Elevated: A Hiking Adventure, Lost and Found at Vasquez Rocks

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It was a fairly hot weekday morning in September, already 90 degrees.

Not many other hikers were on the Vasquez Rocks Trail as I plodded along, getting a later start than I planned.

As I headed onto the trail, I passed a man heading out carrying camera equipment. He was dressed to work, not hike. I smiled and said, “Good morning.” Hikers are almost always courteous, there’s an unspoken hiking etiquette.

He smiled in return and said, “Be careful, someone told me there was a mountain lion on the prowl.”

A mountain lion and an empty trail — everyone I saw was heading off the trail or climbing the famous rock formations near the start of the trail, with no intention of hiking further.

I regarded the striated rock formations that jutted out of the brown earth like a giant prehistoric dagger with fascination and wariness. I was alone on a trail I wasn’t familiar with and didn’t think I was on the correct path.

I’m an avid hiker. I’ve hiked many trails in California and take a yearly trip to hike the wondrous waterfall-laden trails in Yosemite. Yet somehow, I never hiked Vasquez Rocks, a trail less than 10 minutes from home.

By a mile in, I was nervous. I was on alert for the mountain lion and doubting my course. My GPS indicated I was not following the correct path. Was I wandering off onto the famed Pacific Crest Trail without knowing it? Would I end up lost in the Sierras missing a boot like Cheryl Strayed in “Wild?”

 

Vasquez Rocks

Vazquez Rocks Natural Park is located in Agua Dulce, 10 minutes from Valencia. Formed by the uplift from the San Andreas fault and millions of years of erosion, the 150-foot tall rocks served as a hide out for the outlaw Tiburcio Vásquez in 1874.

The area includes several hiking paths, some well-worn and others unsigned and faded. Some paths zigzag through the hills, others give way to rock scrambling. The main hike is a moderately difficult 3.5 mile loop with a 400-foot elevation gain. It’s not a long hike, but it does have a few challenging inclines and crosses many of the smaller paths and fire roads.  

There are few trees, some low vegetation, but mostly dusty rock formations–why most people come to Vasquez–that offer little shade, but are formidable and staggering in size and complexity. Pack accordingly with a hat, plenty of water and sunscreen.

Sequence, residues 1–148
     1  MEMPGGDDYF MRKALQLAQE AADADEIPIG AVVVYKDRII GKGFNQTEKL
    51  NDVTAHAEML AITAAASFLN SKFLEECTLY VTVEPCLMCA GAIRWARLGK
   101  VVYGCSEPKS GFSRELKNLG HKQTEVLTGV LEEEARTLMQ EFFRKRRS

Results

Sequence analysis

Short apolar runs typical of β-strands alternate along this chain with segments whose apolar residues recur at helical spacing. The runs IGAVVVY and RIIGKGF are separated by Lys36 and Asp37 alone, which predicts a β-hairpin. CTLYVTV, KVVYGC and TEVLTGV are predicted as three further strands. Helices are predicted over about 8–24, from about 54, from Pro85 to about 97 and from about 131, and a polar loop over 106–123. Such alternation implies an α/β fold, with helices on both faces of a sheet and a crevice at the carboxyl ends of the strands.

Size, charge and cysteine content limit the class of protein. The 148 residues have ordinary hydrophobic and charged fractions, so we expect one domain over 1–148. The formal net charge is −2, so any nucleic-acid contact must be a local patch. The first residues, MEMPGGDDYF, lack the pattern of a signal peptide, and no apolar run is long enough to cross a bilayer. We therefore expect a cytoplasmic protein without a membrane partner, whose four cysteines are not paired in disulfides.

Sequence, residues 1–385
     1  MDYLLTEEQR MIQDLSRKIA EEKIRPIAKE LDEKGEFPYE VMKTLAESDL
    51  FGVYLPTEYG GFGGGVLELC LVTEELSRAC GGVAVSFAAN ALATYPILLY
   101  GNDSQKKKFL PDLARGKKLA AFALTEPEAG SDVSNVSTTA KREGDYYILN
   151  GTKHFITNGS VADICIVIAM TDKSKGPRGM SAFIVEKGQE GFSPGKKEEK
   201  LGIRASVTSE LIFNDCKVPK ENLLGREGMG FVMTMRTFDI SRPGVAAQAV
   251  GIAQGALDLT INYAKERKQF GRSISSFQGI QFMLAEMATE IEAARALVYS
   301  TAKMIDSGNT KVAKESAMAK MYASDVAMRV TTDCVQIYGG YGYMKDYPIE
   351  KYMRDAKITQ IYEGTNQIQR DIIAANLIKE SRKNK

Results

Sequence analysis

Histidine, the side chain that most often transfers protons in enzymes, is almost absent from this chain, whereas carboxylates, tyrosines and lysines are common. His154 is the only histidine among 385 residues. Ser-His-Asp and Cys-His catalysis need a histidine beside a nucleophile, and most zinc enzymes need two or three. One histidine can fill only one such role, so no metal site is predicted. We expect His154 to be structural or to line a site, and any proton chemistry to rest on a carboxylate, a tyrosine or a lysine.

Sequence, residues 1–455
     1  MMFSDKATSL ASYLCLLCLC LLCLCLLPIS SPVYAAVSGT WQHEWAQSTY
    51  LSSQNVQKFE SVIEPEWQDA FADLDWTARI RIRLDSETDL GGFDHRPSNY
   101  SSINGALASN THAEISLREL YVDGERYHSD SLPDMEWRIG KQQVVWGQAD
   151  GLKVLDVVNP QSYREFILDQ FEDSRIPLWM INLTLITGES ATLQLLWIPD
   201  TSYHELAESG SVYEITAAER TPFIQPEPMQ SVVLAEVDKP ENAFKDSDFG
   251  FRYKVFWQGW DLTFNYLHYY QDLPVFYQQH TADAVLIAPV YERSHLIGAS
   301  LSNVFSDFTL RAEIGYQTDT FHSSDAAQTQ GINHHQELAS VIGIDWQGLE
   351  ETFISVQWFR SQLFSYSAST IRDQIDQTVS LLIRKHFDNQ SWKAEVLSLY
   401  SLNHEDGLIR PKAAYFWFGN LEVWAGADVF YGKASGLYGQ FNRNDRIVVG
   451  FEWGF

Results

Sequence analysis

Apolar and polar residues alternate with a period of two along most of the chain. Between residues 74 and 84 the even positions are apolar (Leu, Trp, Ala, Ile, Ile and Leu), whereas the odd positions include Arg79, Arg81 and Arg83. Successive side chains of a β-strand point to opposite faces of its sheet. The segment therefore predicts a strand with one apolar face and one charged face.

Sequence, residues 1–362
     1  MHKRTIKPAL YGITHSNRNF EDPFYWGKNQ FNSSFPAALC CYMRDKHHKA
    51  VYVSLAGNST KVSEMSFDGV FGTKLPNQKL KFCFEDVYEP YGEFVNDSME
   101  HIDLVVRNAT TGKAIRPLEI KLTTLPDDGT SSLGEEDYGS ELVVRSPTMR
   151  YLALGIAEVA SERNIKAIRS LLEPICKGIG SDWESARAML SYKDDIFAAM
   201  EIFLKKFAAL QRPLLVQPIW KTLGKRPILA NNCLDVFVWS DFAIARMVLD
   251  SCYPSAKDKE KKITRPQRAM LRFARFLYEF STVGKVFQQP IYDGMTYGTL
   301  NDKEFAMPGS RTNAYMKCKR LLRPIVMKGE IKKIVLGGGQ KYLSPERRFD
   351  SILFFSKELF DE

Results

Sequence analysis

The main trail has smaller offshoots to explore, often taking you to other rock formations, which there is no shortage of and often resemble terrain from another world. More than 60 movies used Vasquez Rocks to film, including “Flintstones,and “Planet of the Apes.”

About a half-mile onto the trail at the top of a short incline, the horse trail extends southwest, which you’d be smart not to follow to avoid the road apples the horses leave behind. The path often resembles that of a drunken sailor leaving a bar at 2 a.m. as it winds and turns, giving way to other paths.

 

Safety vs Adventure

This hike had me thinking about safety. How do you balance your desire for adventure with fear of getting lost, or of wild animals, or a fellow hiker with bad intentions?

I began to doubt myself. I worried about those things, but I kept moving, rather loudly in the hopes of scaring off the mountain lion. Despite my meanderings, I didn’t encounter the mountain lion and didn’t get lost. It isn’t easy to veer off onto the Pacific Crest Trail, or PCT, which is a 2,650-mile through-hiking trail that begins in Mexico and extends to Canada.

I came to realize, sometimes you have to be more alert and cautious, other times, more adventurous. The key, for me anyway, is to be careful, but never let the fear eclipse my love for the outdoors or exploration.

As I made my way to the end, I realized how close I had been to the trail the entire time.

I took some time to climb the main rock formation and its imposing jagged edges, admire the simple Tataviam Indian pictographs, and easily found the PCT, which to my chagrin was clearly marked with a large sign. Oh, and I returned home with both my boots.

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